“Merry Christmas, Perry!” chirped Rose, the always smiling front-desk receptionist.
“See ya. Rose,” Perry responded as he headed to the elevator. “Merry Christmas, indeed,” Perry’s sardonic inner voice said as he faced his first Christmas alone after Patty and the kids moved back to Boston.
The crowd on the elevator carried Perry through the ground-floor lobby and on to the Orange Avenue sidewalk. With the exception of Perry, almost everyone seemed in a hurry to get an early start on Christmas Eve.
Instinctively Perry checked his watch. The northbound SunRail train would arrive at Church Street in 15 minutes. He knew he would be would be there with time to spare. He was right, and the platform was crowded – mostly suits, some skateboard kids and a group of 20-something techies.
At the sight of the arriving train, the crowd groaned. “With a big crowd like this and the train only has two cars,” complained the usually smiley pixie blonde in the gray business suit. “I don’t believe them!” Perry could feel fellow commuters agree.
The crowd surged aboard the train. Many scampered upstairs, but Perry preferred the lower level. With no place to hold on in the crowded car, Perry balanced himself as the train rolled on. At Church Street the crowd shifted as a few people got off. But many others came aboard, including a young guy play rap music on his smartphone. No earbuds. Nice.
The suits, including Perry, looked at each other and shook their heads in disapproving of the way Smartphone flagrantly violated SunRail’s posted rules.
Perry forced himself to ignore the music and the automated voice announcing the stations as the train rolled on. By Longwood the crowd thinned out and Perry got a window seat on the right side of the train. He daydreamed about happier days on Christmas morning watching his kids eyes fill with excitement as they opened their gifts.
The daydream ended as the train lurched to a stop. After 5 minutes the conductor announced. “We are stopped due to a signal issue We apologize for the inconvenience.”
Five minutes later the conductor announced: “We are stopped due to a signal issue We apologize for the inconvenience.”
The conductor repeated the announcement four more times at 10-minute intervals. Perry’s fellow passengers were fed up.
“Gee whiz, tell us something new” groused the pixie blonde.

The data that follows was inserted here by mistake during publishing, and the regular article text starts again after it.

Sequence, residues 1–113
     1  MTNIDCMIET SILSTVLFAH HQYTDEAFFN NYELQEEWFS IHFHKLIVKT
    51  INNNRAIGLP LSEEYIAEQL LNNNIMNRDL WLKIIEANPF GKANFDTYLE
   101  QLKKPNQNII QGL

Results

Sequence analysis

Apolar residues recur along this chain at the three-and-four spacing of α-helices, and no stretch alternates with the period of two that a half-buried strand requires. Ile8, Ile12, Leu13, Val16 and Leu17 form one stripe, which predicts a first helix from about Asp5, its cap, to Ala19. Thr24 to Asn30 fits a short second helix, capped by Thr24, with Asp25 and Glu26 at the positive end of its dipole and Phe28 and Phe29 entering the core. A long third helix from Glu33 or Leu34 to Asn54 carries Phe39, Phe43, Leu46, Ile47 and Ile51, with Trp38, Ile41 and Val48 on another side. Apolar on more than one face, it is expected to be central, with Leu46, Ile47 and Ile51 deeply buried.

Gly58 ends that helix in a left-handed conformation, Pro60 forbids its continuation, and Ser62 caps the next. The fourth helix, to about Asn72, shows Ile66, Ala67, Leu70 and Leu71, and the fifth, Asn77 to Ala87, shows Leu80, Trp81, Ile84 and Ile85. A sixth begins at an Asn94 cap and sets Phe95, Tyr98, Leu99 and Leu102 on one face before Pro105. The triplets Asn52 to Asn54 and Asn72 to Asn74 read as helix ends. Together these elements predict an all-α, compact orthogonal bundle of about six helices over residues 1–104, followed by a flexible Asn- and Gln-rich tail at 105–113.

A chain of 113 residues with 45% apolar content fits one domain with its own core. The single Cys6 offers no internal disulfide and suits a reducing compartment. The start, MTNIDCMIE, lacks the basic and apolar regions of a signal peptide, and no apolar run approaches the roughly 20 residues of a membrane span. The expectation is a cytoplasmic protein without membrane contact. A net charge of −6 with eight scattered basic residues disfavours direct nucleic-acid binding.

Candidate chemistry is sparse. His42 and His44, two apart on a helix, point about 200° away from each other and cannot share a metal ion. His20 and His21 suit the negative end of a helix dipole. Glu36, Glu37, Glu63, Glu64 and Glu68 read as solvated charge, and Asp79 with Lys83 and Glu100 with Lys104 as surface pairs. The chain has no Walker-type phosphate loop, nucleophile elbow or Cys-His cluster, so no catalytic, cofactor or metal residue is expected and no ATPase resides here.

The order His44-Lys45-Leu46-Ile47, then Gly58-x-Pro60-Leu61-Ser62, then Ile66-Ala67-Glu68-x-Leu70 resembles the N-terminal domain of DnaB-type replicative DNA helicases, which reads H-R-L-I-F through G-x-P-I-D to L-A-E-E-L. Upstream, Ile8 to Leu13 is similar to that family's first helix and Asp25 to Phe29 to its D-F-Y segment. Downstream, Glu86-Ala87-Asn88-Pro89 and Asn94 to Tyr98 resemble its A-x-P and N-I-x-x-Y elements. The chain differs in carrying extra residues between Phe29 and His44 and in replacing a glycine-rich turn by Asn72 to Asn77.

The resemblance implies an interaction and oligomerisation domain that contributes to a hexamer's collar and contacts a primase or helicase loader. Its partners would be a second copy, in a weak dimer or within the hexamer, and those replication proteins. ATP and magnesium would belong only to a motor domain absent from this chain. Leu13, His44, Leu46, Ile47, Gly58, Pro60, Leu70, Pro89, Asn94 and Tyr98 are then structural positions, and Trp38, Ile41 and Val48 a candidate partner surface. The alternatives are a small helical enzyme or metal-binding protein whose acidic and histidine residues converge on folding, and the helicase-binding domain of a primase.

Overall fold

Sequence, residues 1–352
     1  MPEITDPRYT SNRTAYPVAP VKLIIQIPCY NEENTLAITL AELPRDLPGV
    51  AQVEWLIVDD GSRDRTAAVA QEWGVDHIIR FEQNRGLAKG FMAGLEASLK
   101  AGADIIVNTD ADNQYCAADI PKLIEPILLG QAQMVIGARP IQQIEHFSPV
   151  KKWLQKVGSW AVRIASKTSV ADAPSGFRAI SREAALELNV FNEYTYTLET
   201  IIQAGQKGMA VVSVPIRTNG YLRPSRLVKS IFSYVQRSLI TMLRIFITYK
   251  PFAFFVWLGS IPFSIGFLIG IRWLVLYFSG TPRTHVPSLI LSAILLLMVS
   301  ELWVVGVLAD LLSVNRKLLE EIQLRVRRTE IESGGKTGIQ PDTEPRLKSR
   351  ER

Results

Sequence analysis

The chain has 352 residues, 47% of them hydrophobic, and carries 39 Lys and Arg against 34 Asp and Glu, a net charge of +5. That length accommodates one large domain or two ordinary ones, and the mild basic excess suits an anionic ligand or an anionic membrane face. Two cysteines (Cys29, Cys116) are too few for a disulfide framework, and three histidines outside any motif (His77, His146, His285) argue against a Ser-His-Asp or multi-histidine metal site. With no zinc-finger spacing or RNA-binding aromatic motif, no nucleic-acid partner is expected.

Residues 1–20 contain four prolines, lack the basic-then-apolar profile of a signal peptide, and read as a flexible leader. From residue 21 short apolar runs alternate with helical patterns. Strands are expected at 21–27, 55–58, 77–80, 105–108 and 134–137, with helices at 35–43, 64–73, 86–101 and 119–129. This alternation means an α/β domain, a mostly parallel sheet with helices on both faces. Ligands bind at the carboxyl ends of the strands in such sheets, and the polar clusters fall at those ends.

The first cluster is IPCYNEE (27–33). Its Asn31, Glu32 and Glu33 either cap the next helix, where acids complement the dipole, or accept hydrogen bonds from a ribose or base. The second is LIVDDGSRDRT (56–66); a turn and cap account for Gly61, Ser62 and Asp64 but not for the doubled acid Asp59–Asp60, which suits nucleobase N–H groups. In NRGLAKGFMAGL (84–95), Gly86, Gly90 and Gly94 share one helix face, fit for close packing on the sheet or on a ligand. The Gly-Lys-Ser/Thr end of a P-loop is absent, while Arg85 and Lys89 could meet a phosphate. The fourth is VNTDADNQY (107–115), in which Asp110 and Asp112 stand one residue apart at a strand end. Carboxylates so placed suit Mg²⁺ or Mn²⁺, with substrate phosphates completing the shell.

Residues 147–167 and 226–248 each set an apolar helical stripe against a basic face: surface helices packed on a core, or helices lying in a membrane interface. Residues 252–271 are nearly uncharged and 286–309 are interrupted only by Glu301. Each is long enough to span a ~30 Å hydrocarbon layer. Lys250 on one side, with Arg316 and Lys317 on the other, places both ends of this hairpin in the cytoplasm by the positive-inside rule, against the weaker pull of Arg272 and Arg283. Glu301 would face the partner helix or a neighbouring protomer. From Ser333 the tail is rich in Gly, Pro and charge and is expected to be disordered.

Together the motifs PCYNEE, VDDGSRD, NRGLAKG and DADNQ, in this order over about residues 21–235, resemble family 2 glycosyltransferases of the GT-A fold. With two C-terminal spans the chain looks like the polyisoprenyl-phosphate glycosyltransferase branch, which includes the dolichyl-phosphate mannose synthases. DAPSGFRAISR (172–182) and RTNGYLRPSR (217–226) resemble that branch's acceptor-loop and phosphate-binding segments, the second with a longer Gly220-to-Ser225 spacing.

“I need to get home to get started with my cooking,” complained a plump grandmotherly woman whose gray hair had a weird green tint.
By now it was dark outside the train that was stopped opposite an abandoned cement plant.
Smartphone dude was now playing some classic NWA for all to hear.
A burly guy wearing a heavy canvas Carhartt working man’s jacket, looked directly at Smartphone dude. “Yo, bro, can you knock it off with that?”
Smartphone smirked, shrugged his shoulders and replied, “Chill man, it’s just music.”
“You call that music,” Carhartt man shot back.
“That’s NWA, isn’t it?” Perry quickly chimed in as he could see the situation was headed for an angry confrontation.
“See my man here knows music,” Smartphone responded with a comfortable smile on his face.
“I grew up listening to NWA,” Perry admitted. “But I was wondering if you had anything on iTunes with a little more Christmas flava.’”
“Flava,” Smartphone, repeated as he mimicked Perry’s hip-hop pronunciation.
“Look,” Perry explained, “I don’t mean any trouble. It’s just that this is my first Christmas without my wife and kids….” Perry couldn’t believe that he just shared such personal information with these SunRail strangers. Tears started filling his eyes.
“You cool,” Smartphone replied. “I like me some Christmas music too. He fiddled with his phone for a moment and the next sound they all heard was the Mormon Tabernacle Choir performing “Hark! the Herald Angels Sing.”
By the last line of the song everyone in the train car realized they were singing along with the choir. What’s more, they hadn’t noticed that the train was moving again. Moments later the doors opened in Lake Mary. Nodding farewell to the other passengers Perry stepped off the train and walked down the platform to the ticket validator where he “tapped off.”
“Hey what’s your name?” Perry heard a voice behind him ask.
Perry turned to see Carhartt man. “My name is Perry.”
“Listen I heard you say something about spending Christmas alone.”
“Me and my big mouth,” Perry said with an embarrassed expression on my face.
“I remember when my Mom and Dad went through that,” Carhartt man said with understanding in his eyes. “It was a rough time for all of us….But listen, me and my family are having a big Christmas Eve get together. Sure wish you would join us.”
“Thank you. Thank you very much,” Perry said gulping back an audible sob.
“Merry Christmas,” Carhartt man said.